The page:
Reporter Mike Koshmrl had this to say about Alaska’s bear hunting numbers compared to the Lower 48:
Biologist Rick Sinnott, who spent a career managing wildlife and overseeing grizzly hunts in Alaska, said bear behavior might change, but not overnight.
At the rate of grizzly hunting that’s likely in store for the Greater Yellowstone Ecosystem, any change in how bears use the landscape and interact with people will likely be imperceptible, he said.
“People who are alive now shouldn’t expect to see much difference before they die,” Sinnott said.
He has seen firsthand that intensive grizzly bear hunting can influence the species’ behavior. He pointed to bruins in and around Denali National Park, where they’re protected within park boundaries but actively hunted along the periphery.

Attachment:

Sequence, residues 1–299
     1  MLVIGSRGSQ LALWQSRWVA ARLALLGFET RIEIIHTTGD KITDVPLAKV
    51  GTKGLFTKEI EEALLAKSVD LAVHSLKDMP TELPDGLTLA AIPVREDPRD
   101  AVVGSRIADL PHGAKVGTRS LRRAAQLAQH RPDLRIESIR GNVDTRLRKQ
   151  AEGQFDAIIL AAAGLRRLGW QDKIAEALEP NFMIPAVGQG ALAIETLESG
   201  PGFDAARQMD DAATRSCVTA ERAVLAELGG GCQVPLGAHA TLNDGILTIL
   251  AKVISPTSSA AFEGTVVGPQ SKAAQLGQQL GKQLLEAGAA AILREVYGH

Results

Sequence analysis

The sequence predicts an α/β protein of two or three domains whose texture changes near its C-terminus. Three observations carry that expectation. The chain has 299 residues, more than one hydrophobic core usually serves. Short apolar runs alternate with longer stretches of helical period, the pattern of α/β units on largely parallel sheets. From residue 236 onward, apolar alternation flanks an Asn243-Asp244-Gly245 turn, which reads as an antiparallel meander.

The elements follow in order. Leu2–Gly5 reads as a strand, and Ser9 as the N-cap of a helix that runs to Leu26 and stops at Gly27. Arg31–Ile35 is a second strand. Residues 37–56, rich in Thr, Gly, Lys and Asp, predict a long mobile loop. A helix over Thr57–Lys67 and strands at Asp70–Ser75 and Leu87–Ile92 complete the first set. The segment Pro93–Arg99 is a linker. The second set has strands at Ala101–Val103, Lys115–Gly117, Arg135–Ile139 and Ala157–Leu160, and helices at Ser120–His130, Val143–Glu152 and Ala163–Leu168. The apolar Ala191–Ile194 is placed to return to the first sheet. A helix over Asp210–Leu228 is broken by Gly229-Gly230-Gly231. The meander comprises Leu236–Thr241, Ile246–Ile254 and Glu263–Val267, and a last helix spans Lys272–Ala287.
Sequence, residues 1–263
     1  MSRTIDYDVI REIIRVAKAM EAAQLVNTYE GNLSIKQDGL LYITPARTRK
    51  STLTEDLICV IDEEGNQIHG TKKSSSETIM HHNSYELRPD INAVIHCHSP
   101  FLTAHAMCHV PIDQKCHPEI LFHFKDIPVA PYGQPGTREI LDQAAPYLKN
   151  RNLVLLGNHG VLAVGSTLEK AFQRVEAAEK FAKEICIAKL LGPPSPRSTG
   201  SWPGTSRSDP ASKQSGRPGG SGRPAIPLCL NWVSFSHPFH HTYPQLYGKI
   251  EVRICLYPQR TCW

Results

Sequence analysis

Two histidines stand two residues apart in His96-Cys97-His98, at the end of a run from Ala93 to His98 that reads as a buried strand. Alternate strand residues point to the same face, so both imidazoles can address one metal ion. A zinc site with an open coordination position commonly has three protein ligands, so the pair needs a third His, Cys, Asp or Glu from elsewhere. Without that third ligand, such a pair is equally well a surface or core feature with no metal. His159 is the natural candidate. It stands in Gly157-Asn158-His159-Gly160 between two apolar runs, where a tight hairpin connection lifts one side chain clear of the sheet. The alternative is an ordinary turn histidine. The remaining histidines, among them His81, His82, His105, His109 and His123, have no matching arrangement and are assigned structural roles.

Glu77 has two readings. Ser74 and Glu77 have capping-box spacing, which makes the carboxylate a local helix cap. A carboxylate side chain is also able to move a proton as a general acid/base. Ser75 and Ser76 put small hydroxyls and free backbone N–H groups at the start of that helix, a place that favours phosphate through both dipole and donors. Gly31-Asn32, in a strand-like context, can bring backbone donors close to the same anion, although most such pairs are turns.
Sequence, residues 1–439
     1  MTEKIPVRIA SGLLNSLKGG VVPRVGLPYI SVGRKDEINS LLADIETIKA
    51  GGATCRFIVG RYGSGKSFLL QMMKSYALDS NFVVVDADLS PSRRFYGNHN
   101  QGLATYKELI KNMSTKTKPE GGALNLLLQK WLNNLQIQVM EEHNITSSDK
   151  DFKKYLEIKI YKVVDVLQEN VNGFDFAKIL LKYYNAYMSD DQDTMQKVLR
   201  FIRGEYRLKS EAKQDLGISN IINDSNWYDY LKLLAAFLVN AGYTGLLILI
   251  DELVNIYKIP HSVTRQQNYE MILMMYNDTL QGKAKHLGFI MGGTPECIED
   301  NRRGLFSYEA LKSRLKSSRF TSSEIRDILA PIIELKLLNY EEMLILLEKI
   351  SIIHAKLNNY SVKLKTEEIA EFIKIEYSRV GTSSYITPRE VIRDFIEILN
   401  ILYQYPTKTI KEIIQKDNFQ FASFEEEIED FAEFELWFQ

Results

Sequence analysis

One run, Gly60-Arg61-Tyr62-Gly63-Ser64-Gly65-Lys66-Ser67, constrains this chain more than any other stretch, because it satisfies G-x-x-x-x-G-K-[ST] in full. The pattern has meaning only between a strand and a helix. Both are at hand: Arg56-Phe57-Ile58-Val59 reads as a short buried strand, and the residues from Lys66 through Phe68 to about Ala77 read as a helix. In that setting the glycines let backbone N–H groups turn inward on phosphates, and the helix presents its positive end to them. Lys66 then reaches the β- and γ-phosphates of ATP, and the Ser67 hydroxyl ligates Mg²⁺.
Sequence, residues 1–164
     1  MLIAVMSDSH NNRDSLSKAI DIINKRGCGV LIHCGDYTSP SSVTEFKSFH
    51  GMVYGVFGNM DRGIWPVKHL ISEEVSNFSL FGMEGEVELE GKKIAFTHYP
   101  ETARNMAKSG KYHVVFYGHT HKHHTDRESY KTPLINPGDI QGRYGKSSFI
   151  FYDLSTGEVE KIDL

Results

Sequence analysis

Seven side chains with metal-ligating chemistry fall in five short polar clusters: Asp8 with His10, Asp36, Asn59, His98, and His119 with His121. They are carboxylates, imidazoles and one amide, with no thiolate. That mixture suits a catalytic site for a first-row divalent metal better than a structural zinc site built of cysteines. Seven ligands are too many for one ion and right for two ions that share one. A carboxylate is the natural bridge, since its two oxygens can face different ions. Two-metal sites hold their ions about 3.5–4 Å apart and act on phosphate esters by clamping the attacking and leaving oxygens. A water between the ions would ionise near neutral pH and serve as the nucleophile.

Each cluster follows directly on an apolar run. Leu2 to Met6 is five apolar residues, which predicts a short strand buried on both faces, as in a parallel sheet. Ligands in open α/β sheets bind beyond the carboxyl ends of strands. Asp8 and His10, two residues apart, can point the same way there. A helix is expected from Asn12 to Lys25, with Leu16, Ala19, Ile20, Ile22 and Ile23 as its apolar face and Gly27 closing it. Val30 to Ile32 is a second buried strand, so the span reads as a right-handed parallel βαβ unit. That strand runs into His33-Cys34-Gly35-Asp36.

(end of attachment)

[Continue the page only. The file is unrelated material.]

“Inside you see grizzly bears about every trip,” Sinnott said. “Sometimes you can see five or 10 on a daylong trip. On the other side you never see them. They don’t make themselves as obvious.
“They say it’s not because they’re shot at and they realize it,” he said. “They’re just not that cognizant. I think it’s more of an evolutionary thing. Hunters tend to shoot the ones that are less wary.”
Nothing bears will fear
In Alaska, hunting for grizzlies and their coastal brown bear cousins is big business. In one recent year highlighted on the Alaska Department of Fish and Game’s website, hunters killed 1,900 of the estimated 30,000 brown bears statewide.
The number of Alaskan bruins that fell to hunter gunfire that year is therefore about equal to the entire population of grizzlies in the Lower 48. Hunting south of the border is anticipated to be much lighter. Just 17 animals out of about 700, for example, would have been available for hunting in the Yellowstone region’s core had Wyoming, Montana and Idaho pursued grizzly hunts this year.
The numbers reflect on how many brown bears are in Alaska and what a fascinating ecosystem occurs there.